Shooting in black & white encourages the viewer to concentrate on shapes, patterns, textures and form, but it needs to be more than just an afterthought.
When you set out to shoot black & white – rather than playing around with the idea later – you tend to see the light slightly differently, notice the balance between positive and negative space more and really concentrate on composition, because there’s no colour to serve as a distraction or to rescue the shot.
24. Poor editing
Some people enjoy post processing and see it as a crucial step in the creative process; other people hate sitting in front of the computer moving sliders and making comparisons. Whichever camp you fall into, most original files (especially raw files) benefit from a bit of editing after the event.
Close-up photographers are probably more familiar with the Spot Removal tool and the Crop Overlay tool (in Lightroom) than most, but there’s often cause to lift the exposure and boost the contrast too.
25. Underestimating the power of colour
Colour can stimulate the senses, make us feel happy, sad, energised or tired. It can awaken happy memories or cause us anguish. By studying the way colours relate to each other, and the physical and emotional responses they evoke in us, we can begin to see how colour affects both the mind and the body and then apply this knowledge to our pictures.
26. Trying to copy a popular style
When you’re learning a new technique it’s natural to begin by copying someone else, but the real magic happens when you take an original idea, put a spin on it and make it your own. One of the best ways to come up with fresh creative ideas is to take inspiration from a multitude of sources – including disciplines outside of photography.
27. Poor lighting
Finding subjects perfectly illuminated by natural light is relatively uncommon but trying to fake it later rarely works. To make the most of natural light use a reflector to bounce it back into shadow areas, or a diffuser to soften harsh sunlight.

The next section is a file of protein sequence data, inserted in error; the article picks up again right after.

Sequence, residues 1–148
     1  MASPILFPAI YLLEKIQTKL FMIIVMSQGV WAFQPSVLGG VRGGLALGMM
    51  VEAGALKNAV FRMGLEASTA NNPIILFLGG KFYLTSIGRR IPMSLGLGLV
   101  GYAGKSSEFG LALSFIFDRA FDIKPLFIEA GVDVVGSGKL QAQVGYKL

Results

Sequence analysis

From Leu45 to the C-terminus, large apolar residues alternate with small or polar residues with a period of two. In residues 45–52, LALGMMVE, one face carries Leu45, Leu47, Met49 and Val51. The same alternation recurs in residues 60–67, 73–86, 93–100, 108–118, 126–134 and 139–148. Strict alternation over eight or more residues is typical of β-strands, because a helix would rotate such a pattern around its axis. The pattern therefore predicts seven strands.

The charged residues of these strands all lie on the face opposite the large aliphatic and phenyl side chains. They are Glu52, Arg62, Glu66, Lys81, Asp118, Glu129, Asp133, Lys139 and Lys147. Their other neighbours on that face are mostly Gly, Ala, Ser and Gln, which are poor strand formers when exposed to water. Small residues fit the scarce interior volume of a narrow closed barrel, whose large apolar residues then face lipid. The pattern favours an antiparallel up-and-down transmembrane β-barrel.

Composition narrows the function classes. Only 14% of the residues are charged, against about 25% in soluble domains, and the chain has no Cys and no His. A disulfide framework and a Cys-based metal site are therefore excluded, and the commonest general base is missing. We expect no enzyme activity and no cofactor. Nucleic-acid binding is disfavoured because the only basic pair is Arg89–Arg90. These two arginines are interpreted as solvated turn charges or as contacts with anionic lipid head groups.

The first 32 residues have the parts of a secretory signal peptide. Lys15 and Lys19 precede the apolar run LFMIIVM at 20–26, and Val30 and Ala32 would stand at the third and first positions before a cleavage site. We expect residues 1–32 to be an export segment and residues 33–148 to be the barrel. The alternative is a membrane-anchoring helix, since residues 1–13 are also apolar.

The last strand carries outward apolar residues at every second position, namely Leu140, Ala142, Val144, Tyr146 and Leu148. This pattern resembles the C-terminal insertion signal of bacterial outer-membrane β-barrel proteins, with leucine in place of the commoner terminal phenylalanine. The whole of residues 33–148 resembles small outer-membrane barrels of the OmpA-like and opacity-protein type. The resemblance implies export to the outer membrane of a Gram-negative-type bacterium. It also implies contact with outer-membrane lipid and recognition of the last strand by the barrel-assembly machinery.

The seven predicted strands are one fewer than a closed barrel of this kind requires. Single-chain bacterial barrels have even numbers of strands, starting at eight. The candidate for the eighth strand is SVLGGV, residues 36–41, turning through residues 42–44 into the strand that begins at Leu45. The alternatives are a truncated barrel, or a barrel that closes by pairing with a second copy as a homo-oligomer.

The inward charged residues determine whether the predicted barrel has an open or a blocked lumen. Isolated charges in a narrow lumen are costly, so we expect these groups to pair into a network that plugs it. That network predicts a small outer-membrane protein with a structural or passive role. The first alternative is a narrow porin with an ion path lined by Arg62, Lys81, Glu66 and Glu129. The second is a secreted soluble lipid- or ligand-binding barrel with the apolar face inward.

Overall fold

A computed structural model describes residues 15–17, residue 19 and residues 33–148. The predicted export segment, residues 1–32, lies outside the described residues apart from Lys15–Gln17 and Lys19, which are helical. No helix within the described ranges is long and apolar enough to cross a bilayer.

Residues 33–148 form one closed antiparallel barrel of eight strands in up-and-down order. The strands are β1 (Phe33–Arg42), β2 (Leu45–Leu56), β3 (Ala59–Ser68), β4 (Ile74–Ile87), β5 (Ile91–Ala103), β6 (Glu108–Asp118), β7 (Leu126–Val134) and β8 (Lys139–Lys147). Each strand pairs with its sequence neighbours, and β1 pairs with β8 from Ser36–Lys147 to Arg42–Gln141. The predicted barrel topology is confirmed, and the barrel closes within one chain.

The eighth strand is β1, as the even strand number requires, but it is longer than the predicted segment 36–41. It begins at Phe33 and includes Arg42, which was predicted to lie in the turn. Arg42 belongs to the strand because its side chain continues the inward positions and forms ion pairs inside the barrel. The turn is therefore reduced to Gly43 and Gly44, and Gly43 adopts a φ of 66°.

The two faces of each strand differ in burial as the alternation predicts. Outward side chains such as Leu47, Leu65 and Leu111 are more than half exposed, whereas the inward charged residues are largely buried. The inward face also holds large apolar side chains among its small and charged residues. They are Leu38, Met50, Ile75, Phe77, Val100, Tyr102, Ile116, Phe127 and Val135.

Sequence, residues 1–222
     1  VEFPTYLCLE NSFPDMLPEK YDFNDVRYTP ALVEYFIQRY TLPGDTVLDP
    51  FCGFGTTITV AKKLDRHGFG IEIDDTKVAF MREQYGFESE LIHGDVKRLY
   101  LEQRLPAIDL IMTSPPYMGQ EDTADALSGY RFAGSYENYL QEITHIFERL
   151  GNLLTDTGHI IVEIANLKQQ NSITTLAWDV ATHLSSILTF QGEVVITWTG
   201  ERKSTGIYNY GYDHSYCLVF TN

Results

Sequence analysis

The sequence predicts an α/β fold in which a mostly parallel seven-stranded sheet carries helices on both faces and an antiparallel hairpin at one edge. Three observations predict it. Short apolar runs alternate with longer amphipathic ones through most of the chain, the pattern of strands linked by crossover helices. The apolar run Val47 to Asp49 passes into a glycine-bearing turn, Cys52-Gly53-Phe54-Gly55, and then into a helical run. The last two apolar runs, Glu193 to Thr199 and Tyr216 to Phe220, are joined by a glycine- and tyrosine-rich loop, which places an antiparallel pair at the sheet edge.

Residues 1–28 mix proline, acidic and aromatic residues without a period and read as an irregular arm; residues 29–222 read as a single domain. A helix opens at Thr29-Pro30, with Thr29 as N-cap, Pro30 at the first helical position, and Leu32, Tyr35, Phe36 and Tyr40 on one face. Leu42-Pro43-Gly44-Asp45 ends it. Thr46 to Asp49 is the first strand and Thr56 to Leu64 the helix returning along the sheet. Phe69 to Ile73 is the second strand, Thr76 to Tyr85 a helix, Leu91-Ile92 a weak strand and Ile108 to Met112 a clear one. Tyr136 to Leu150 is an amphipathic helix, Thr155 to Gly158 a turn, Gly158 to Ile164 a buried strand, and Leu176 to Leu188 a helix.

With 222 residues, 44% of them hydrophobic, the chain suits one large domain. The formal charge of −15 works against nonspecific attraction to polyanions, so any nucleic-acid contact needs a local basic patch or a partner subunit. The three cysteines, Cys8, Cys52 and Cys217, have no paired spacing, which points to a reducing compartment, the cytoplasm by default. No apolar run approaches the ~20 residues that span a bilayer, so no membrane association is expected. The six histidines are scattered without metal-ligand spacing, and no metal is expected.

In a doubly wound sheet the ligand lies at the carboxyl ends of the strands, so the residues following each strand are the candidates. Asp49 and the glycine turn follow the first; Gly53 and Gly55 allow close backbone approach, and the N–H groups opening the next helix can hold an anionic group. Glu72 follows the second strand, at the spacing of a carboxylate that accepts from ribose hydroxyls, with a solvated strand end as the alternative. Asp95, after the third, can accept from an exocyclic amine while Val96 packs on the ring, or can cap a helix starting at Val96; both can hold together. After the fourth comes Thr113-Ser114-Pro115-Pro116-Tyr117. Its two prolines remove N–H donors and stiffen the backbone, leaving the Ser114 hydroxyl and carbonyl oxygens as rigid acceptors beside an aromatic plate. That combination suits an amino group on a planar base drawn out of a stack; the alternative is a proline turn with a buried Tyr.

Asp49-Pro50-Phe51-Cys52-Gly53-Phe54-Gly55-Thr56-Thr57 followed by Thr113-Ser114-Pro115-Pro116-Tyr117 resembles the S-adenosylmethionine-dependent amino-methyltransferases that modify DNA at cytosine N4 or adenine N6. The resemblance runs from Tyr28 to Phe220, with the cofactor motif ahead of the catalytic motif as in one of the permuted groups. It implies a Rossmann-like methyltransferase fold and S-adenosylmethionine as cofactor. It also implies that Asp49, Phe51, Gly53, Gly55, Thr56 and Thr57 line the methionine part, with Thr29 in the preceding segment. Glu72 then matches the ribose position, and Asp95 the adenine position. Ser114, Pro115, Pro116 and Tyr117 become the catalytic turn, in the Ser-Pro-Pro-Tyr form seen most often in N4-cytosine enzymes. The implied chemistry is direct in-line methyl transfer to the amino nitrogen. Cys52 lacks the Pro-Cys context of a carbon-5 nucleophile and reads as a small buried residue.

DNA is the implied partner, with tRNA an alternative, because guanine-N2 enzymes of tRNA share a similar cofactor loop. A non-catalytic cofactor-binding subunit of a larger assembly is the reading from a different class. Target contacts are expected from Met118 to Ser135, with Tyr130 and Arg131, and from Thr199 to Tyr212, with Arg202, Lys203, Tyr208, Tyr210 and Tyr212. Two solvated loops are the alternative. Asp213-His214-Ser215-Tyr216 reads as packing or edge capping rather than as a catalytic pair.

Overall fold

Another alternative is a portable LED light, which can be great for illuminating flowers and fungi. If, however, you want more versatile and powerful lighting then consider a ring flash or twin flash.
28. Not being able to divorce yourself emotionally
You might have trekked for days through a tropical rainforest to photograph a rare pea-sized frog, but if the physical and mental torture you endured is not obvious in your pictures – and you want to submit them to a competition – then you need to divorce yourself from them emotionally.
There will be instances where you can tell your story in full (a magazine feature, for example), but for the most part your picture will be judged as a stand-alone piece of work.
29. Leaving your pictures on a computer
Not everyone wants to share their work with a wider audience, but challenging yourself to enter a competition, such as Close-up Photographer of the Year, is a great way to push yourself creatively, gain peer recognition, receive global exposure and, if you’re a winner, earn some prize money too. Don’t leave your images on the computer – share the wonder of close-up and macro photography with the world!
30. Not looking for, or communicating, a story
Humans have used storytelling as a form of communication for millennia, so it’s little surprise that pictures telling a story appeal to us more than those simply recording an object.
If you look closely enough there are mini dramas unfolding everywhere – plants fighting for supremacy, animals going to extreme lengths to protect their young, water carving paths into rocks. Keep your eyes open for moments of change, conflict or symbiosis and use your skills to draw them out.